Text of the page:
“I’m always looking for new mentors and asking people, ‘Hey, if you were in my shoes, what would you do?’ It’s pretty amazing what you can get from that.”
Influential Founder of The Huffington Post and the CEO of Thrive Global.
“I talk a lot about learning to become fearless in your approach to life. But fearlessness is not the absence of fear. It’s the mastery of fear. It’s all about getting up one more time than you fall down.”
Obama made history when in 2009 she became the United States’ first African American First Lady. During her husband’s eight years in office, she advocated for poverty awareness, education, health and wellbeing.
“Whether you come from a council estate or a country estate, your success will be determined by your own confidence and fortitude.“
Ruth Bader Ginsburg
Ginsburg was the second women to ever serve on the Supreme Court, holding the position of associate justice of the Supreme Court of the United States from 1993 to 2020. During the 1970’s she also directed the influential Women’s Rights Project of the American Civil Liberties Union.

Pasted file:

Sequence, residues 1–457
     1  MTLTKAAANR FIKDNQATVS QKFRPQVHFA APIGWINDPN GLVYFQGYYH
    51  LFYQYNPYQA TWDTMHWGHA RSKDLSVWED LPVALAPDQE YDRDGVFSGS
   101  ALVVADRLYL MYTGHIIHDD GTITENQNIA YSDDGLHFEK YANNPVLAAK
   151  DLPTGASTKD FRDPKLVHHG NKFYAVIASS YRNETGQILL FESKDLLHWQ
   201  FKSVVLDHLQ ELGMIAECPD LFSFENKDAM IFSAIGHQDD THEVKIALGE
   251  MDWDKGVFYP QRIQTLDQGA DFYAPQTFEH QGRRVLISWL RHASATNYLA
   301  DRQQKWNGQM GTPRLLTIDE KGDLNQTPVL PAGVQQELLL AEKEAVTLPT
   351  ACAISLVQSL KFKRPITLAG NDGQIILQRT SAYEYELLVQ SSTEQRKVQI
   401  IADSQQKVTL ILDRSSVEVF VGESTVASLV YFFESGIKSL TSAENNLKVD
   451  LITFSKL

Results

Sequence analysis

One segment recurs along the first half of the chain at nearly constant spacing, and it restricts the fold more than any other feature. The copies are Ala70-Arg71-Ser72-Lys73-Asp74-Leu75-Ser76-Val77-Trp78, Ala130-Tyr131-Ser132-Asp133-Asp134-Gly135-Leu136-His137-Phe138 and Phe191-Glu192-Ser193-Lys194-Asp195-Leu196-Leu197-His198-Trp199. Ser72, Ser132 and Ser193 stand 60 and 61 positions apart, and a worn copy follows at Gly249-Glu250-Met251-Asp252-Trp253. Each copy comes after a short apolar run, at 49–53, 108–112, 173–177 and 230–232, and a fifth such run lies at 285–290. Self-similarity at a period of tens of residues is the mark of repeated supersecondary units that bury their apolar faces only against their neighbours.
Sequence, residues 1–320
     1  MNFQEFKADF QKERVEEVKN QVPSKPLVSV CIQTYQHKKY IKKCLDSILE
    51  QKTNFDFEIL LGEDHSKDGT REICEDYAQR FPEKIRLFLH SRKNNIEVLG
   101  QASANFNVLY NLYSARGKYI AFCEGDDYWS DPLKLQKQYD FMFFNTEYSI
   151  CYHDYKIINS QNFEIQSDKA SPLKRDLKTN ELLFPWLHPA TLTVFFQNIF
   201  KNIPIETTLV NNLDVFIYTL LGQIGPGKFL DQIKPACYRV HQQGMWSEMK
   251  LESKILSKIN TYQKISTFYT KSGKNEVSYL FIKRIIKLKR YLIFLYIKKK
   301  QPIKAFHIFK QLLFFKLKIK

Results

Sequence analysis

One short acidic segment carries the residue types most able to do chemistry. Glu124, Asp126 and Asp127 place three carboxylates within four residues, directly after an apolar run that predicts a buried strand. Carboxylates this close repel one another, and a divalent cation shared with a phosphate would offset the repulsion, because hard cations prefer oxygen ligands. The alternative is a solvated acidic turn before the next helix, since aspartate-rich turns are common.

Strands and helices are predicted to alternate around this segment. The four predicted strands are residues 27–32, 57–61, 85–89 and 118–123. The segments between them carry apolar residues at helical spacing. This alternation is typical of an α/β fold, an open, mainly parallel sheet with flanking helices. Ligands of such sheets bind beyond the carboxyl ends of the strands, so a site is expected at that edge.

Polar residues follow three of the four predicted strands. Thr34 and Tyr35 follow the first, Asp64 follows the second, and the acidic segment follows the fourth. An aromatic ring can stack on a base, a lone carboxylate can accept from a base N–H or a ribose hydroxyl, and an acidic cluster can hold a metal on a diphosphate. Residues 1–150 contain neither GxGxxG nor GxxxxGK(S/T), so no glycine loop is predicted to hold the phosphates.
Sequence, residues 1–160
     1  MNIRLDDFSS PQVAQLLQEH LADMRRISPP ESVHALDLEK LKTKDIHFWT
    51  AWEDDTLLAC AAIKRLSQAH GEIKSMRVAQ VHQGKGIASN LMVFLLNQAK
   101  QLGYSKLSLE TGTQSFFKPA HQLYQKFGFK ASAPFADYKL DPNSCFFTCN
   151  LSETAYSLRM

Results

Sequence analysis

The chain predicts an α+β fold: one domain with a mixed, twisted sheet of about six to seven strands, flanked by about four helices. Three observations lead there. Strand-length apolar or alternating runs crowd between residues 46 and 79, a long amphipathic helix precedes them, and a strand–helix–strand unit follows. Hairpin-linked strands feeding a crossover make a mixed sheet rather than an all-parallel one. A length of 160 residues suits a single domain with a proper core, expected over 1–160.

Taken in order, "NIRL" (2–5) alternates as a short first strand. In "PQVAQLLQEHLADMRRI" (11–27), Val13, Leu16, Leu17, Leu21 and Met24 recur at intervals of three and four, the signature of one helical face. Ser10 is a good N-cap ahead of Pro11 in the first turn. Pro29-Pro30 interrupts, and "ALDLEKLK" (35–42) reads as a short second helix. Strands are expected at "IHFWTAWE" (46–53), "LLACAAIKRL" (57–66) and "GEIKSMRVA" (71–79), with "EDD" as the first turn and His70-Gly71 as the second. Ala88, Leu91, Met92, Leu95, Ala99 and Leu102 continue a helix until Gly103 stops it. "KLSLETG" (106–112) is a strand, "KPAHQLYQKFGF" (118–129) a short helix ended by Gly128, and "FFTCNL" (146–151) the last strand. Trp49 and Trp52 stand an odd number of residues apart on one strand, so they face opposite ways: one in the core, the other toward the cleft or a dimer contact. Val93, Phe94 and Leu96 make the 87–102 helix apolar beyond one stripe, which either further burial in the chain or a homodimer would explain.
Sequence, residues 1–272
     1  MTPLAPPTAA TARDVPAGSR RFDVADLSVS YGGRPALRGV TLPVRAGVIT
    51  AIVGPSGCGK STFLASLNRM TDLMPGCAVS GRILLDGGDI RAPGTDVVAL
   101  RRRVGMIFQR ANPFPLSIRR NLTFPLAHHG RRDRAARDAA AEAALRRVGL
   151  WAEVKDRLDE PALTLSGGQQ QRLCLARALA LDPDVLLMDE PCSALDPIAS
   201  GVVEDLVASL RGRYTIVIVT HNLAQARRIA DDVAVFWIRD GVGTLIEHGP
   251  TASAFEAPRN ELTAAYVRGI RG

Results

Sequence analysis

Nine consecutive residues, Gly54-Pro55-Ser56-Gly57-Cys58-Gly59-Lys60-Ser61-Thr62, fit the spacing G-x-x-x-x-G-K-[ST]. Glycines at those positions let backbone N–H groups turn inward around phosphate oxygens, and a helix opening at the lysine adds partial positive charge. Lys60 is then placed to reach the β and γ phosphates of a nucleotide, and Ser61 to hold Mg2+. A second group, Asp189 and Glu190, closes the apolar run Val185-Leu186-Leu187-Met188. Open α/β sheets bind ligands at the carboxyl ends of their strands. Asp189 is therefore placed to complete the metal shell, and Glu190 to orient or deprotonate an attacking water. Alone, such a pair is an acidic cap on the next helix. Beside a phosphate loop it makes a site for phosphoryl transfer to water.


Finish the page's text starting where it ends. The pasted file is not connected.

“Fight for the things that you care about, but do it in a way that will lead others to join you.”
Lagarde is the first woman to have ever been appointed as President of the European Central Bank. She commenced her role in November 2019.
“To me, leadership is about encouraging people. It’s about stimulating them. It’s about enabling them to achieve what they can achieve – and to do that with a purpose.”
Best known as the Pakistani female education activist who, in 2014, was the world’s youngest person to be awarded the 2014 Nobel Peace Prize laureate at the age of 17.
“Some people only ask others to do something. I believe that, why should I wait for someone else? Why don’t I take a step and move forward?”
Influential as the former CEO of British luxury fashion house Burberry, Ahrendts significantly increased the company’s revenue during her tenure.
“The sign of a great leader is knowing what you know and knowing what you don’t know.”
Known as the first female CEO in The Hershey Company – one of the world’s largest chocolate manufacturers – where she harnessed the expertise of employees.
“Leadership is a combination of innate traits that you’re born with and experiences you gain along the way. That is what shapes you as a leader.”
Influential for becoming Germany’s first female chancellor and for the calm leadership style that she demonstrated over the course of 16 years.
“For me, it is always important that I go through all the possible options for a decision.”